Radical route for the synthesis of chiral molecules

April 14, 2016, Institute of Chemical Research of Catalonia
Prof. Paolo Melchiorre (left), Dr. John J. Murphy, Dr. David Bastida and Dr. Suva Pavia at the Institute of Chemical Research of Catalonia. Credit: Credit: Institute of Chemical Research of Catalonia

The research group of Prof. Paolo Melchiorre at ICIQ has developed a new methodology for the selective formation of chiral molecules. The work, that has been published in Nature, combines two strategies which require very mild reaction conditions—enantioselective iminium ion chemistry and photoredox catalysis—to set quaternary carbon stereocentres with high enantioselectivity.

Chiral molecules are molecules in which a carbon atom is attached to four different substituents (which is called a quaternary stereocenter when all the four substituents are carbon-centred). If a molecule is chiral it exists in two enantiomeric forms (one is the mirror image of the other and they cannot superimpose). Chiral molecules have numerous applications, especially in the field of biochemistry as they were essential in the origin of life. As an example, the aminoacids that form the proteins in our body are chiral molecules but only one of the two possible enantiomers is present in the proteins. Many of the biological processes occurring in our body involve chiral molecules, which explains the fact that most of the drugs we use are chiral. Taking the example of chiral drugs, it may occur either that both enantiomers have a similar effect or that one has a therapeutic effect while the other is dangerous, as it happened with the famous case of thalidomide. Therefore, one of the main goals in the synthesis of drugs is the design and development of reactions for the selective synthesis of the desired enantiomer.

In this context, the work developed by Prof. Melchiorre group represents a breakthrough in the synthesis of chiral molecules as it manages to perform the selective synthesis of the desired molecule via a new radical route that combines the action of a photocatalyst activated by with a chiral organic catalyst.

"Key to success was the design of a chiral organic catalyst which drives the stereoselective interception of photochemically-generated carbon-centred radicals. This catalyst may provide further opportunities to stereoselectively generate quaternary stereocenters that cannot be forged by using traditional polar reactivity. We are currently exploring these possibilities" -says professor Melchiorre.

The synthesis of usually requires the presence of organometallic compounds and careful control of the reaction conditions. By contrast, the reaction developed at ICIQ can be performed under mild conditions, contributing to the sustainability of the process. Visible light photocatalysis and metal-free organocatalytic processes are powerful strategies of modern chemical research with extraordinary potential for the sustainable preparation of organic molecules. By developing an innovative methodology, the group of professor Melchiorre connects these two fields or research to provide a new framework for conceiving enantioselective organocatalytic processes in which the light has a key role as an energy source.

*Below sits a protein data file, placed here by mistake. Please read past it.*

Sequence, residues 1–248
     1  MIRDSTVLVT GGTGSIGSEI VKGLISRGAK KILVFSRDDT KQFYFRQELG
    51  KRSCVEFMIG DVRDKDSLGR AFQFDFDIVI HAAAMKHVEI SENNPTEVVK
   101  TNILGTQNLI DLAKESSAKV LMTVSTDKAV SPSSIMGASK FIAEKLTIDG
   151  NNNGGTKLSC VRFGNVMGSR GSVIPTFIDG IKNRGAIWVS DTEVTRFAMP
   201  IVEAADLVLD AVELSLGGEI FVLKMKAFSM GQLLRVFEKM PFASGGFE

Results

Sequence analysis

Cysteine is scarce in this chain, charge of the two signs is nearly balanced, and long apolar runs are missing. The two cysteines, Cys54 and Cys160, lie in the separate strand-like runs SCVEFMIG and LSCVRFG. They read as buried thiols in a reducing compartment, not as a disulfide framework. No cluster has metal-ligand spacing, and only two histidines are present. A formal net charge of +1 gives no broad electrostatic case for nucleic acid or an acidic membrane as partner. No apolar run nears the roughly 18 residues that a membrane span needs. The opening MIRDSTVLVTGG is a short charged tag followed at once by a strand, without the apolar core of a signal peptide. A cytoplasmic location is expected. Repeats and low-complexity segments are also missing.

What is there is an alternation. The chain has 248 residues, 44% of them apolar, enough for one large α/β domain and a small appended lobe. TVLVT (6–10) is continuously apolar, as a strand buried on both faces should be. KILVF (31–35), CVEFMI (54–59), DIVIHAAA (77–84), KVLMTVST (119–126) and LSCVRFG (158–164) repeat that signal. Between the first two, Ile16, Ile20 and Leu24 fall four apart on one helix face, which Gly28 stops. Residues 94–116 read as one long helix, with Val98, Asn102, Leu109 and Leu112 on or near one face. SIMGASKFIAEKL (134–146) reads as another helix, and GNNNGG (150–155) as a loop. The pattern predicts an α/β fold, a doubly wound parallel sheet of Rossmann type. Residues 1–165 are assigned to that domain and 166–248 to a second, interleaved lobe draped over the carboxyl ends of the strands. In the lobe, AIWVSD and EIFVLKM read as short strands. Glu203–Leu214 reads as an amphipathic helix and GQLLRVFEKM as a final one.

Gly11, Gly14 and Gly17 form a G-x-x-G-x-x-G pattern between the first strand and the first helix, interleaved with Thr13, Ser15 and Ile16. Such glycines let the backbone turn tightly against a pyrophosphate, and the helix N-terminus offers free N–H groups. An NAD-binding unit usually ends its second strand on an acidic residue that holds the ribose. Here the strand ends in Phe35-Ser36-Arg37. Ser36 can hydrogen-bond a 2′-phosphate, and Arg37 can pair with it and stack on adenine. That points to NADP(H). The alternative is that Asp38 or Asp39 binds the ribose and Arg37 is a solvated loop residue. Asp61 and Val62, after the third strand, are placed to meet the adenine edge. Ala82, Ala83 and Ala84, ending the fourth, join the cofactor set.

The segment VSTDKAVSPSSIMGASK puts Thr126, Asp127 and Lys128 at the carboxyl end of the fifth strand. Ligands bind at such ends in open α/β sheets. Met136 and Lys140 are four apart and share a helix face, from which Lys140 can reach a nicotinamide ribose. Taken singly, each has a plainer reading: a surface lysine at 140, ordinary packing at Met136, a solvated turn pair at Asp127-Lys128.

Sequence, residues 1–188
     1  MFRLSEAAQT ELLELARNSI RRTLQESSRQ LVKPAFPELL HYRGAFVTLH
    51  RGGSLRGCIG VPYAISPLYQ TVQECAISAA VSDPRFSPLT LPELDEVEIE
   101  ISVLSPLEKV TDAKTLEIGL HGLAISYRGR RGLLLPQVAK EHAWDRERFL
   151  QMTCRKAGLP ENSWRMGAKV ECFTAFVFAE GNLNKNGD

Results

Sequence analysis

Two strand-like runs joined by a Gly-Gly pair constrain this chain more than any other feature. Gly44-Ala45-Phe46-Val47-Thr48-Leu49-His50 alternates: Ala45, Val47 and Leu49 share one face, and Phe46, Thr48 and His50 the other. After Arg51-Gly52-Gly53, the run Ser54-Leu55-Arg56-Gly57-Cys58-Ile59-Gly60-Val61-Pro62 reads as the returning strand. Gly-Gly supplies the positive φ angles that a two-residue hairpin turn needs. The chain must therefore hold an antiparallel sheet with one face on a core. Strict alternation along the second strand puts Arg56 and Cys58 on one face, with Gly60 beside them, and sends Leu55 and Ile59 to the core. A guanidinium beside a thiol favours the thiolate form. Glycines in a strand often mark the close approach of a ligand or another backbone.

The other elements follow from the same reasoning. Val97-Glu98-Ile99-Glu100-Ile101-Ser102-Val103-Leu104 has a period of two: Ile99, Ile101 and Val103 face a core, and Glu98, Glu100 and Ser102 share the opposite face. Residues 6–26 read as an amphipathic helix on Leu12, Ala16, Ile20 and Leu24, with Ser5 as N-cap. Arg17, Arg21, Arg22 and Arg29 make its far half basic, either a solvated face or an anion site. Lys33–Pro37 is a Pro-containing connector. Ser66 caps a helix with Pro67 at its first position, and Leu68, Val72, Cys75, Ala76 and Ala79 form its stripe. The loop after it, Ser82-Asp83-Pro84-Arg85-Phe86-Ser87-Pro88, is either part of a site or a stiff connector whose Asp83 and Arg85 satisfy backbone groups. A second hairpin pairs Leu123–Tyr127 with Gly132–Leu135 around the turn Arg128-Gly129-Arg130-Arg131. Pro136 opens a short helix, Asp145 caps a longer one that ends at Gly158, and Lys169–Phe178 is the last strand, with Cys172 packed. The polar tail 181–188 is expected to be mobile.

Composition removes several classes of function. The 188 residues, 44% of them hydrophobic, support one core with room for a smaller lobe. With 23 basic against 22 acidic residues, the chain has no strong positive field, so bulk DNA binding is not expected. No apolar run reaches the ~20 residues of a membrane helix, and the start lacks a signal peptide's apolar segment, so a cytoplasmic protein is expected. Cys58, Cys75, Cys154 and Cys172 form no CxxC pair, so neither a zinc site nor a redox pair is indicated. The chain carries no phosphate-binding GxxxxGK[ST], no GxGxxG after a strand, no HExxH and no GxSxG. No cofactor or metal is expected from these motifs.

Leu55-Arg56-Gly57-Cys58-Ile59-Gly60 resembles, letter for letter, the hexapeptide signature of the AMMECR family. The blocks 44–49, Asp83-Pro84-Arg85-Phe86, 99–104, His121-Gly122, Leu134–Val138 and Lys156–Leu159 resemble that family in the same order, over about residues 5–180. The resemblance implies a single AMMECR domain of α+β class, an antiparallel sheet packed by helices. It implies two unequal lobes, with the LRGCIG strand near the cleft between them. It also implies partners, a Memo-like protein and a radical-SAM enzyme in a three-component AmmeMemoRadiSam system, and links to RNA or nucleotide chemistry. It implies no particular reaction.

"Combining the potential of metal-free enantioselective organocatalysis and visible light photocatalysis can significantly advance the development of a more responsible and sustainable stereoselective chemistry while strengthening the chemistry toolbox to better face the challenges of modern organic chemistry" -adds Prof. Melchiorre.

Explore further: New method of producing stereoisomers developed

More information: John J. Murphy et al. Asymmetric catalytic formation of quaternary carbons by iminium ion trapping of radicals, Nature (2016). DOI: 10.1038/nature17438

Related Stories

Nature's mirror—the code for chirality

February 8, 2016

How information is transferred from biological molecules to crystalline surfaces could pave the way for the development of new drugs and other synthetic materials.

High-yield selective synthesis of specific molecules

July 6, 2012

Organic chemists seek synthesis reactions that produce high yields of very pure products. European researchers have developed novel synthetic reactions for a class of compounds particularly relevant to potential drug therapies.

Recommended for you

Bio-renewable process could help 'green' plastic

January 19, 2018

When John Wesley Hyatt patented the first industrial plastic in 1869, his intention was to create an alternative to the elephant tusk ivory used to make piano keys. But this early plastic also sparked a revolution in the ...

Simulations show how atoms behave inside self-healing cement

January 19, 2018

Researchers at Pacific Northwest National Laboratory (PNNL) have developed a self-healing cement that could repair itself in as little as a few hours. Wellbore cement for geothermal applications has a life-span of only 30 ...

Looking to the sun to create hydrogen fuel

January 18, 2018

When Lawrence Livermore scientist Tadashi Ogitsu leased a hydrogen fuel-cell car in 2017, he knew that his daily commute would change forever. There are no greenhouse gases that come out of the tailpipe, just a bit of water ...

A new polymer raises the bar for lithium-sulfur batteries

January 18, 2018

Lithium-sulfur batteries are promising candidates for replacing common lithium-ion batteries in electric vehicles since they are cheaper, weigh less, and can store nearly double the energy for the same mass. However, lithium-sulfur ...

0 comments

Please sign in to add a comment. Registration is free, and takes less than a minute. Read more

Click here to reset your password.
Sign in to get notified via email when new comments are made.